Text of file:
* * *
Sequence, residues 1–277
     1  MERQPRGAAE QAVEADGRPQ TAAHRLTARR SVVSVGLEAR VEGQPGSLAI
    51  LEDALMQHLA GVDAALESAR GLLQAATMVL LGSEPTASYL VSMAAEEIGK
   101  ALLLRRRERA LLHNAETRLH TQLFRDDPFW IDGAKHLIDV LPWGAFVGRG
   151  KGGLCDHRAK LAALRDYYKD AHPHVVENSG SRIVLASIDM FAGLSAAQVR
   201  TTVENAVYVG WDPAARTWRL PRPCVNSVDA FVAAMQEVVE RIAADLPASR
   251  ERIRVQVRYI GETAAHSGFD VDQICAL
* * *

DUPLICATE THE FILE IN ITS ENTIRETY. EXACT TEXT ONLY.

Sequence, residues 1–277
     1  MERQPRGAAE QAVEADGRPQ TAAHRLTARR SVVSVGLEAR VEGQPGSLAI
    51  LEDALMQHLA GVDAALESAR GLLQAATMVL LGSEPTASYL VSMAAEEIGK
   101  ALLLRRRERA LLHNAETRLH TQLFRDDPFW IDGAKHLIDV LPWGAFVGRG
   151  KGGLCDHRAK LAALRDYYKD AHPHVVENSG SRIVLASIDM FAGLSAAQVR
   201  TTVENAVYVG WDPAARTWRL PRPCVNSVDA FVAAMQEVVE RIAADLPASR
   251  ERIRVQVRYI GETAAHSGFD VDQICAL